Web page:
As night falls around the world, artists slip into stealth gear and hit the streets equipped with proper tools to leave their mark on the vacant walls that wait. Overnight, a graffiti masterpiece is born.
But as seen with 5Pointz—a legendary graffiti Mecca in Queens, New York—which was whitewashed suddenly last November, street art can vanish as quickly as it appears. Which is why, last Tuesday, the Google Cultural Institute launched Street Art Project, aiming to preserve the transient works by the likes of Shepard Fairey, Phlegm and Banksy.
Viewers can refine the database of over 5,000 images by artist, location and genre, among others, to find niche albums, such as New York walls of the 1990s. The collections span from the walls of Bogota to the streets of Kenya, and from the Philippines to Sweden, showcasing both public and private works as well as those that no longer exist, including 5Pointz.
According to Lois Stavsky, the co-curator of the 5Pointz gallery, the project “makes street art and graffiti accessible to many folks who might otherwise dismiss it—without knowing anything about it.”
So far, the Museum of the City of New York, the Dallas Contemporary exhibition space in Texas, Living Walls: The City Speaks in Atlanta, and Museum of Street Art in France have created online galleries for Street Art Project, showing just how the art form is evolving from being simply viewed as “vandalism.”
The Museum of the City of New York’s albums include Beyond Banksy: Not Another Gift Shop, which allows visitors to navigate the streets of London to view the works of C215, Invader, Phlegm, Swoon and many more, while receiving informational tidbits on the artists, their works and the context that links them together.
Many famed artists have already voiced their support for the project. Shepard Fairey, who created the iconic “HOPE” image during President Obama’s 2008 campaign, told the New York Times that he’s “always used [his] street art to democratize art, so it would be philosophically inconsistent for [him] to protest art democratization through Google.” Belgian artist ROA agreed “as long as they credit the mural to me, and it’s not being used for commercial purposes or corporations.”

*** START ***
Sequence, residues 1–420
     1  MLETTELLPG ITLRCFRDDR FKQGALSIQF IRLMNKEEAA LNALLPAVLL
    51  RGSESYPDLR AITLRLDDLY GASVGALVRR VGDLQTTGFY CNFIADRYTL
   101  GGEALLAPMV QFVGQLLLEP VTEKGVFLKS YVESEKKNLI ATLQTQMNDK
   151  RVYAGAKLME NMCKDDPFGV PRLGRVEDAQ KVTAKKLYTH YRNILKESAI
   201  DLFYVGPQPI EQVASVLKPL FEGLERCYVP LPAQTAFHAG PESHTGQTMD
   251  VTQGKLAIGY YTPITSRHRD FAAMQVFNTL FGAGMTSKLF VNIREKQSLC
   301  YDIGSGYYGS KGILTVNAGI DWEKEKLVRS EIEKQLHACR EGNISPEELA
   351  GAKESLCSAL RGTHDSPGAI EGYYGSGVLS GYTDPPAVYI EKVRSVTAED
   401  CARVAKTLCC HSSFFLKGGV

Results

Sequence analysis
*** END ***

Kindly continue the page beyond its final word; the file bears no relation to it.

The Talking Walls of Buenos Aires explores “a tradition of art, activism and popular expression” from 1983 to 2013. The curated selection of works travels throughout the political and economic history of Buenos Aires with an emphasis on how public art helped facilitate better conditions for its citizens.
Street art admirers are also encouraged to contribute to the growing collection. Along with the ability to create “User Galleries,” the Institute is also pulling photos adorned with the hashtags #StreetArtProject and #GraffitiArt from Google Art Project’s growing band of 8.5 million Google+ followers.
In recent years, street art has been included on galleries’ walls. In 2011, the Los Angeles Museum of Contemporary Art hosted an exhibition titled “Art in the Streets,” that fueled a “40-year dispute about the nature of graffiti and the appropriateness of a mainstream arts institution…conveying legitimacy on an activity that some people see as nothing short of vandalism.”
Late last year, the elusive street artist Banksy held a month-long residency in New York City, which generated much buzz among the city’s citizens and its officials. While many locals and tourists were traversing the city streets to find the latest additions, then-Mayor Bloomberg and the NYPD made it a priority to catch the unidentified artist, as they viewed the “vandalism” as a “loss of control.”
Launched in 2011, the Google Cultural Institute, which includes Art Project and the World Wonders Project, allows public, online access to a plethora of museums, cultural institutions and world heritage sites—such as Stonehenge and the Great Barrier Reef—around the globe to anyone with an Internet connection.
“It’s not about putting up a website and a little bit of content,” Amit Sood, director of the Google Cultural Institute, told Newsweek. “We’re talking about really immersive experience with zooming technology on assets and objects that have never really been seen in that light online. We’re talking about digital exhibitions created by curators for the very first time.”
In an attempt to avoid any legal woes from artists, the institute will only accept images submitted by organizations with a contract verifying their ownership, instead of pulling from their already existing Street View database. If at any point an artist refuses to be represented, the institute will cooperate in the removal of their works.